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CHRISTMAS

What are the names of Santa's reindeer?

You might be able to name the most famous reindeer of them all, but if you need help remembering the rest of the crew that pulls Santa’s sleigh, read on.

Update:
You might be able to name the most famous reindeer of them all, but if you need help remembering the rest of the crew that pulls Santa’s sleigh, read on.
Douglas P. DeFeliceAFP

Santa would be hard pressed to get the plethora of the Christmas presents to all the little boys and girls each year without a little help. Besides the elves slaving away at the North Pole all year round, on the big night he can count on his famed reindeer.

Over the years and across cultures the number and names, as well as creature, of these magical coursers has differed, but both have coalesced based on fairly recent popular culture. Nowadays, Old St. Nick is carried from home to home through the night sky by his trusted nine reindeer.

Also see:

Does Santa Claus have one, eight or nine reindeer?

As far as anyone can discern, the earliest that Santa took to delivering his presents on a sleigh pulled by a reindeer dates back to the early 1800s. At least that is when it is known to have turned up in print. However, the names of the reindeer that every child knows by heart, but others of us have a hard time remembering, come from a 1823 poem “A Visit from St Nicholas” better known as “’The Night Before Christmas.”

The author, Clement C. Moore, lived in New York which had been called New Amsterdam prior to the Brits taking possession of the Dutch colony. His work is a mainstay of modern Christmas tradition surrounding the jolly elf that brings gifts to children today. The poem named “eight tiny reindeer” that pulled “a little old driver.”

“More rapid than eagles his coursers they, came, And he whistled and shouted and called them by name: ‘Now Dasher! Now Dancer! Now Prancer and Vixen! On Comet! On Cupid! On Donder and Blitzen! To the top of the porch! To the top of the wall! Now dash away, dash away, dash away all!’”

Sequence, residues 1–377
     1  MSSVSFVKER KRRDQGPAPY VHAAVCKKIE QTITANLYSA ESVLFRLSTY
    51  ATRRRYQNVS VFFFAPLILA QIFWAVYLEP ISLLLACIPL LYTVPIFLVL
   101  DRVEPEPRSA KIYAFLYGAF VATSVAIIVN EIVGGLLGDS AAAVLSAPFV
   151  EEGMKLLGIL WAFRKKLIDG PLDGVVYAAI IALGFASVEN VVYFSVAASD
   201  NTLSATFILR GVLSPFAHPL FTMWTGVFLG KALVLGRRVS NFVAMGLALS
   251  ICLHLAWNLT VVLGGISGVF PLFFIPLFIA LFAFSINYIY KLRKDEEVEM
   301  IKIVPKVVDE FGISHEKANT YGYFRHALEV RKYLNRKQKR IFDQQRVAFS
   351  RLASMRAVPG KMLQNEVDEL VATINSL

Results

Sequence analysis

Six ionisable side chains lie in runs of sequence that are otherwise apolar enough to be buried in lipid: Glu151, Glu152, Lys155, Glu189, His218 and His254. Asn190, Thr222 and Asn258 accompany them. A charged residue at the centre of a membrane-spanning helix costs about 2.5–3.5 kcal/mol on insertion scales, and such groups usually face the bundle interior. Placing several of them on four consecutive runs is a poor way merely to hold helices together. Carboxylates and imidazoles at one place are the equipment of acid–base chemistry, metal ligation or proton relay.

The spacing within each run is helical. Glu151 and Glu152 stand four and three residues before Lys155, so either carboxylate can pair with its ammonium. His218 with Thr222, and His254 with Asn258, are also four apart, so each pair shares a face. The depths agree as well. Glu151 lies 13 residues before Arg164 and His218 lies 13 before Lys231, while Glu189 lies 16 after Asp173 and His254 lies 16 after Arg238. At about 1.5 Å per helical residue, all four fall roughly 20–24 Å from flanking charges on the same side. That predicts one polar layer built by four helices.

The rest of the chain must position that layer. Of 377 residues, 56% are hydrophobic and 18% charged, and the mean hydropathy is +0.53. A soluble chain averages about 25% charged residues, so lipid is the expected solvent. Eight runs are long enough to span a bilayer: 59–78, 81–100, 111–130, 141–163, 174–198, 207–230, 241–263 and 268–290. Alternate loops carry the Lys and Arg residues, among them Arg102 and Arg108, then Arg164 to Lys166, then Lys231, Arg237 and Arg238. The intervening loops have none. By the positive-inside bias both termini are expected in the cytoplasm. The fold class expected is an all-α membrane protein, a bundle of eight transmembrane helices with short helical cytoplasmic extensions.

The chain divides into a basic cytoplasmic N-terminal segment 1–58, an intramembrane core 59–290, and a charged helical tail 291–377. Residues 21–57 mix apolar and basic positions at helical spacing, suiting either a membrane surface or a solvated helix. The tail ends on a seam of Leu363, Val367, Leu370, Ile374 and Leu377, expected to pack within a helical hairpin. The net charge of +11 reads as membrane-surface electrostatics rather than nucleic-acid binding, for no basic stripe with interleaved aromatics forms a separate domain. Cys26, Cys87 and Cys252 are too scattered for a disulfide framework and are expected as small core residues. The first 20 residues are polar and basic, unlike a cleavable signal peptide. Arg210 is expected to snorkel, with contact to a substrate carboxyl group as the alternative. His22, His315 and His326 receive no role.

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Rudolph the Red-Nosed Reindeer

The gang of eight was joined over a hundred years later by a nineth reindeer as part of a marketing campaign who would become the most famous of them all. Robert May, who worked writing adverts for Montgomery Ward, wrote a poem to be handed out for free to children by the department store at Christmas.

To say it was a smashing success is an understatement, and thus there were nine reindeer, with the “ugly duckling” Rudolph the Red-Nosed Reindeer saving the big day. The story would be turned into hit song and become a classic Christmas movie. Both of which anyone with children or young relatives has heard and seen countless times, and sometimes well beyond the Christmas season.

Changes to the reindeer names

One pair of the reindeer have experienced name changes over the years to help the poem flow off the tongue more easily and with cadence when reading. As mentioned before, they took shape in the 1800s when New York still carried a heavy Dutch influence from its previous colonizers.

However, despite the Anglicization, those that have been changed, have kept the essence of the original names given to them. Donder, was originally Dunder, but became Donner, and happens to be the father of Rudolph the Red-Nosed Reindeer. Blitzen was once Blixem, and the two together mean thunder and lightning, which at the time was a tongue-in-cheek swear.

Reindeer outside the Villa Park stadium
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Reindeer outside the Villa Park stadiumMOLLY DARLINGTONAction Images via Reuters

Reindeer, alligators or elves carry Santa to homes around the world

Moore’s poem is such a classic that others have had some fun with it creating their own Christmas classics in the process. In Louisiana you’ll find “Cajun Night Before Christmas” which was conceived by JB Kling, Jr writing as ‘Trosclair’. The take on Moore’s poem is told in a Cajun dialect with some twists in the story. Not least of which is that St Nicklus, instead of riding on a sleigh comes on a skiff pulled by eight alligators, of course. Their names are Gaston, Tiboy, Pierre, Alcee, Ninette, Suzette, Celeste an' Renee.

An even more recent take on Moore’s poem is Richard Scarry’s “The Night Before the Night Before Christmas!” In his efforts to be helpful around Busytown, Mr Frumble gets the idea that he can be of use at the North Pole. However, as is Mr Frumble, he causes Santa Bear to head out a day early to hand out gifts around Busytown. So enlisting the help of Santa Bear’s helpers as his coursers Mr Frumble sets off to save Christmas.

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